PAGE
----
What Is the Evidence for What Logos Says Here?

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David Paul | Forum Activity | Posted: Fri, Jan 8 2021 7:11 AM

When I right-click on this word in 2 Thes. 2:11, I get this:

My question is...what support exists for saying that ergon is the root of energeia? I'm not finding it.

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Myke Harbuck | Forum Activity | Replied: Fri, Jan 8 2021 7:49 AM

NIDNTTE has this under ἔργον:

GL 1 The noun ἔργον is spelled with an initial digamma in the Doric dialect (sim. in Mycenaean), which no doubt preserves the orig. form, wergon (from the corresponding IE term derives even Eng. work). The word is freq. already in Homer, where it often refers to deeds performed in war (e.g., Il. 6.522), but also to agricultural activities and other occupations. Indeed, throughout the history of the Gk. language, ἔργον has been simply the generic term for “deed” or “action,” being often contrasted to terms that mean “word, speech” (e.g., λόγος G3364, Thuc. 2.65.9; ἔπος G2229, Plato Resp. 494e). By metonymy, ἔργον can refer to that which has been worked (e.g., it can mean “land” and then more broadly “property” and “wealth”) or produced (e.g., metalwork, machine, building, book [cf. Eng. work in the sense “literary product”]).

...


2 Among compounds, interest attaches to ἐνέργεια (and its cognates). This term is used already by the pre-Socratic philosophers to denote “activity,” though in some contexts a better rendering would be “force” or “effectiveness.” It plays a special role in Aristotle’s Metaphysics, where it means something like “actuality” (e.g., 1048a–b, opp. δύναμις G1539, “potency”). The vb. ἐνεργέω, accordingly, means “to be active, effective” (trans., “to effect”); the adjs. ἐνεργός and ἐνεργής, “active, effective”; and the late noun ἐνέργημα, “activity.” This group of words serves in Hellenism and in Philo to describe cosmic and physical forces.

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Myke Harbuck | Forum Activity | Replied: Fri, Jan 8 2021 8:00 AM

Also, LALGNT lists as ἔργον as a cognate of ἐνέργεια:

ἐνέργεια (energeia), working. Cognate words: ἀγαθοεργέω, ἀμπελουργός, ἀργέω, δημιουργός, ἐνεργέω, ἐνέργημα, ἐνεργής, ἐργάζομαι, ἐργασία, ἐργάτης, ἔργον, εὐεργεσία, εὐεργετέω, εὐεργέτης, ἱερουργέω, κακοῦργος, κατεργάζομαι, οἰκουργός, πανουργία, πανοῦργος, περιεργάζομαι, περίεργος, προσεργάζομαι, ῥᾳδιούργημα, ῥᾳδιουργία, συνεργέω, συνεργός, συνυπουργέω

So it seems that is the ἔργον correct root, and that ἔργον is the generic term for work or activity, whereas, as compound word, ἐνέργεια is that activity in supernatural force.

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Joseph Turner | Forum Activity | Replied: Fri, Jan 8 2021 8:58 AM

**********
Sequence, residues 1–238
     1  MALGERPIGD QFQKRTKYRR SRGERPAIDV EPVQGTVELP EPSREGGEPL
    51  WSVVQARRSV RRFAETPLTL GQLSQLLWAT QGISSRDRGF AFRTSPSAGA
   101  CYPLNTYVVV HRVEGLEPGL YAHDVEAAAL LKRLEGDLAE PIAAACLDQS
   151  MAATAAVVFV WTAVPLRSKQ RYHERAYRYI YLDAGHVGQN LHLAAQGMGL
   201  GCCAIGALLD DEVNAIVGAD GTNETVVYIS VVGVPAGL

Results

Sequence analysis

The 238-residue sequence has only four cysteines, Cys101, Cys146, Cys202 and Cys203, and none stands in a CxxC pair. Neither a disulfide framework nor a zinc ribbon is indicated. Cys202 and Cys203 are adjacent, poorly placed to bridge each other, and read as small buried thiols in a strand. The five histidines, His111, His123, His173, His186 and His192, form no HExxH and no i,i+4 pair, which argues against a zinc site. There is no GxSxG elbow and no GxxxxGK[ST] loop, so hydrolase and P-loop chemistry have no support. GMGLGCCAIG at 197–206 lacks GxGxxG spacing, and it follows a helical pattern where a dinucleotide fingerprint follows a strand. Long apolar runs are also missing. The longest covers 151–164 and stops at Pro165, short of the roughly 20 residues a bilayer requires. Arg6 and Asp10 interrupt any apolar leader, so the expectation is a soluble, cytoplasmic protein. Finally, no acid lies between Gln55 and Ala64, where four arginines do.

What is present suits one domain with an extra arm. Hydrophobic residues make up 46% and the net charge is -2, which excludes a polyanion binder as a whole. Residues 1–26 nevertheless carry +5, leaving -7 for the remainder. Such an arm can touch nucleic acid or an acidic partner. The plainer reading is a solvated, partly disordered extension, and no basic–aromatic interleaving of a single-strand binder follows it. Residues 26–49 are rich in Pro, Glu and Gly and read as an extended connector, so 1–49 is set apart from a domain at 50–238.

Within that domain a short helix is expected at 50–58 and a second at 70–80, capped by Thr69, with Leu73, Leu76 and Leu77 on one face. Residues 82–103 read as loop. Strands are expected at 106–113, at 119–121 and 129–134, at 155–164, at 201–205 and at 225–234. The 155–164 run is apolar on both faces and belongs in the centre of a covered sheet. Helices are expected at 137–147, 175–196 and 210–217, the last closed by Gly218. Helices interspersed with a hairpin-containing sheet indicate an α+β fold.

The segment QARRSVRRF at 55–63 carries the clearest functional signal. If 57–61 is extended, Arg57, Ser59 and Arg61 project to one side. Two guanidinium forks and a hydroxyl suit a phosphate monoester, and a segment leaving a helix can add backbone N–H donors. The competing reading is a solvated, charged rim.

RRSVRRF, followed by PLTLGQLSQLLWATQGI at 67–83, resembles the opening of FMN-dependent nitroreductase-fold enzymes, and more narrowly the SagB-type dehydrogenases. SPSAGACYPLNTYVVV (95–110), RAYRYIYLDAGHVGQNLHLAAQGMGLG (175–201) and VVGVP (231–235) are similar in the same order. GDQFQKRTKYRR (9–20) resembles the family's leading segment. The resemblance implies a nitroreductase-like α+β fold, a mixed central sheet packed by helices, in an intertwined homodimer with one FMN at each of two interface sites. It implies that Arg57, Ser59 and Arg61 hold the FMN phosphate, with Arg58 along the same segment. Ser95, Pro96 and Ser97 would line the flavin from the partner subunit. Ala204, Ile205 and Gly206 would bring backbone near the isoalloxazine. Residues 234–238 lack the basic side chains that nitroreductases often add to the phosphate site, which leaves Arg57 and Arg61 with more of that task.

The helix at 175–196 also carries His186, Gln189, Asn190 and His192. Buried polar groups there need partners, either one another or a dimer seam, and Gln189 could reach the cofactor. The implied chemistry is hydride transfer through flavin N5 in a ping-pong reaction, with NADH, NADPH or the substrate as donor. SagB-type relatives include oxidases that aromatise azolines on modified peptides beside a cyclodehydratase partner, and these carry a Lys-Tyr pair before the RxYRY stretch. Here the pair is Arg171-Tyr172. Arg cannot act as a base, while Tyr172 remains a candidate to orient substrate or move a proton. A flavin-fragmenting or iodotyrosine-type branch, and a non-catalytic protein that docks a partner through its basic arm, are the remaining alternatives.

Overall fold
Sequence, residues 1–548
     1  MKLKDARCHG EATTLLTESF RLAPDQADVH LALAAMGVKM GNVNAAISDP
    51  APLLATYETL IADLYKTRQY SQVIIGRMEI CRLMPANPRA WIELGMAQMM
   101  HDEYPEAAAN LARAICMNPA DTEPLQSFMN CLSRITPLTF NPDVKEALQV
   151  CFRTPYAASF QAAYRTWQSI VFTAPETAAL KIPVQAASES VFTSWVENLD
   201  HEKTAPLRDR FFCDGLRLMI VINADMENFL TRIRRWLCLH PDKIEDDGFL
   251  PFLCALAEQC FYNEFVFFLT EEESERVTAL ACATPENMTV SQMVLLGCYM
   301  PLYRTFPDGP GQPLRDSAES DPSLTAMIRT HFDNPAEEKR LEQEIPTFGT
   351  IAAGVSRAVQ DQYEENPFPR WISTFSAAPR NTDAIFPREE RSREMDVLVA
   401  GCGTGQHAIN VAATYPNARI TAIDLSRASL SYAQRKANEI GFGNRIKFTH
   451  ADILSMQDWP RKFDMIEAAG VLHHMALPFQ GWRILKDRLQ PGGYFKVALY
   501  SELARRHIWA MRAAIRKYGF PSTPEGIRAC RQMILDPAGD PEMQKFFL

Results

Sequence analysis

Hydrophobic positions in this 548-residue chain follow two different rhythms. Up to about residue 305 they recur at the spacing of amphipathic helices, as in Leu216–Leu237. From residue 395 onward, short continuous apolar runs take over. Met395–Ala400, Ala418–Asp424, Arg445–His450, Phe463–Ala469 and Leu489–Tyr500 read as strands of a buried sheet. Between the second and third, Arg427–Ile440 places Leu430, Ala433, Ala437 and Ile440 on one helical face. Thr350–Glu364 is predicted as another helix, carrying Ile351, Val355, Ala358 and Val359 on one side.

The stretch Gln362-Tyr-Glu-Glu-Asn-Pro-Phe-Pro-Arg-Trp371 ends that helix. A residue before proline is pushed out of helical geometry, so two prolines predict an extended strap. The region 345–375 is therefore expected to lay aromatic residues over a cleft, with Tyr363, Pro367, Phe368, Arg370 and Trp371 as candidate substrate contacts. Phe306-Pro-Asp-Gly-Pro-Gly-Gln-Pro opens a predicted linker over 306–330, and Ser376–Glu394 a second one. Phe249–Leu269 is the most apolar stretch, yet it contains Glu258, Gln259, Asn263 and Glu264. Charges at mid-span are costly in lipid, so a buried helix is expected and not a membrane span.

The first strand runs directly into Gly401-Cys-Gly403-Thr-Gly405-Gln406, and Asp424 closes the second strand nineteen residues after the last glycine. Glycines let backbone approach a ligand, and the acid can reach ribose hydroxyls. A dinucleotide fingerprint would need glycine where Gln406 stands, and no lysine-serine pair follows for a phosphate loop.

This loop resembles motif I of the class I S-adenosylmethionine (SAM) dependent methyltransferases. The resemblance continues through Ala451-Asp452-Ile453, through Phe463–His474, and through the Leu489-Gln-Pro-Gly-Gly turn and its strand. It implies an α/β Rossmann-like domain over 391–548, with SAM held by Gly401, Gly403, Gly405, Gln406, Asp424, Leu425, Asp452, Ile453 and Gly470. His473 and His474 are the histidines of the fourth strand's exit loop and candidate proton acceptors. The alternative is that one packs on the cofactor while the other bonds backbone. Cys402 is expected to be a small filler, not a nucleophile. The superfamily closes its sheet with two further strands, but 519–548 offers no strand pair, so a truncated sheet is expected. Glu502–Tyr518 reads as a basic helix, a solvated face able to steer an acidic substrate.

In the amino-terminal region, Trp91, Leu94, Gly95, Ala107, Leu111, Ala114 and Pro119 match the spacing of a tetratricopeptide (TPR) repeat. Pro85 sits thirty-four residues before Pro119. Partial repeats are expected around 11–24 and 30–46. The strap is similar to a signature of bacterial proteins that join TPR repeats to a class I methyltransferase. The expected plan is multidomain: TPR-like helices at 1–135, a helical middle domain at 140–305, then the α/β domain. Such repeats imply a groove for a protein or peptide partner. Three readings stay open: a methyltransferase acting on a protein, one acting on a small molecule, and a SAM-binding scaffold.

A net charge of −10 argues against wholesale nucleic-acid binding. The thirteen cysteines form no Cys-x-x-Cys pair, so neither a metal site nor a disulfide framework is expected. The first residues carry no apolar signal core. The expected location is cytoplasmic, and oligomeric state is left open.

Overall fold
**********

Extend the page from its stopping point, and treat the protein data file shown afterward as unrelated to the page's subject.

There is a long article on ἔργον in The Theological Dictionary of the New Testament if you have it.  I was going to paste some of it, but to paste it in such a way that would give you enough information would be longer than is legal.  It's on page 2:635.

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xnman | Forum Activity | Replied: Fri, Jan 8 2021 9:20 AM

I have "fact checked" some of the words that Logos brings up.  For the most part... I think Logos does a pretty good job of it. But I find myself always "fact checking" every time. 

As I understand it... Logos came from man, not God and thus is not "divinely inspired". So...  I "fact check" as best I can. 

Besides...  I look on "fact checking" as being part of my study in any lesson I prepare. 

xn = Christan  man=man

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David Paul | Forum Activity | Replied: Fri, Jan 8 2021 5:49 PM

Thanks for the replies. They are helpful. Yes

I am noticing a place early in the TDNT article that seems to have a comma where a period should be. If there is anyone who has this dictionary in hardcopy, could you please check to see if that typo is present there, or is it an OCR fault? Sending a typo to FL is pointless if the mistake is in the physical resource. Thanks.

Vol. 2, p. 635.

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Rick Brannan (Faithlife) | Forum Activity | Replied: Fri, Jan 8 2021 11:08 PM

David Paul:
My question is...what support exists for saying that ergon is the root of energeia? I'm not finding it.

Essentially, the root analysis for the NT groups together words that share a root, but determining the 'form' of a given root is ... tricky. We basically pulled a label to represent the group; it was usually the shortest noun or verb (extant in NT) that represented the basic concept/idea.

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MJ. Smith | Forum Activity | Replied: Fri, Jan 8 2021 11:37 PM

Not that Rick needs support but

Rick Brannan (Faithlife):
but determining the 'form' of a given root is ... tricky.

less so if you go back to the Indo-European

ἔργον [n.] ‘work, labour, work of art’ (Il.). «IE *uerǵ- ‘work’»

•DIAL Myc. we-ka-ta /wergatās/.

•COMP As a first member e.g. in ἐργο-λάβος ‘undertaker’; further PN Ἐργα-μένης (Bechtel 1917a: 23f.; cf. ἐργά-της but also Ἀλκαμένης); very often as a second member -εργός (or -οργός), e.g. γεωργός ‘farmer’ (see ►γῆ), ►δημιουργός.

•DER ἐργώδης ‘laborious, heavy’ (Hp., X.). ἐργάτης [m.] (from the plur. ἔργα; Schwyzer 500; cf. ἐργάζομαι) ‘labourer’, especially ‘farmer’; also adj. ‘laborious’ (IA), fem. ἐργάτις, with ἐργατικός ‘ptng. to an ἐργάτης, laborious’, ἐργατίνης = ἐργάτης (Theoc.; cf. Chantraine 1933: 203, Schwyzer: 490), διεργάτινος (Mytilene), ἐργατήσιος ‘profitable’ (Plu. Cat. Ma. 21; uncertain; cf. Chantraine 1933: 42); ἐργασία, to ἐργάζομαι, see below; denominative verb ἐργατεύομαι, -εύω ‘work hard’ with ἐργατεία (LXX, pap.). Ἐργάνη, Delph. ϝαργάνα epithet of Athena (Delphi VI–Va, etc.), also = ἐργασία (pap., H.); ἔργανα, ϝέργανα (written γέργ-)· ἐργαλεῖα (H.); ἐργαλεῖον, usually plur. -εῖα, Cret. ϝεργ- ‘tool, instrument’ (IA); there is no *ἔργαλον (cf. Chantraine 1933: 60). Denominative verb ἐργάζομαι ‘work’ (Il.; Schwyzer 734), Cret. ϝεργάδδομαι, often with prefix ἀπ-, ἐν-, etc.; several derivatives: ἐργαστικός ‘busy, productive, labourer’ (IA); ἐργασία, Cret. ϝεργ- ‘(heavy) labour, fieldwork, profession’ (IA) with ἐργάσιμος ‘in business, cleared (land)’ (also to ἐργάζομαι; cf. Arbenz 1933: 44f.); ἐργαστήρ ‘field labourer’ (X.), ἐργαστής ‘id.’, also ‘negotiator’ (A. D., Rom. inscr.); ἐργαστήριον ‘workshop’ (IA; cf Chantraine 1933: 62f.; thence [after vinculum] Lat. ergastulum, though acc. to Leumann Sprache 1 (1949): 20711, from ἔργαστρον) together with ἐργαστηριακός ‘labourer’ (Plb.), diminutive ἐργαστηρίδιον (pap.); ἔργαστρα [pl.] ‘wages’ (pap.; Chantraine 1933: 332). Desiderative ptc. ἐργασείων ‘who wants to do’ (S.).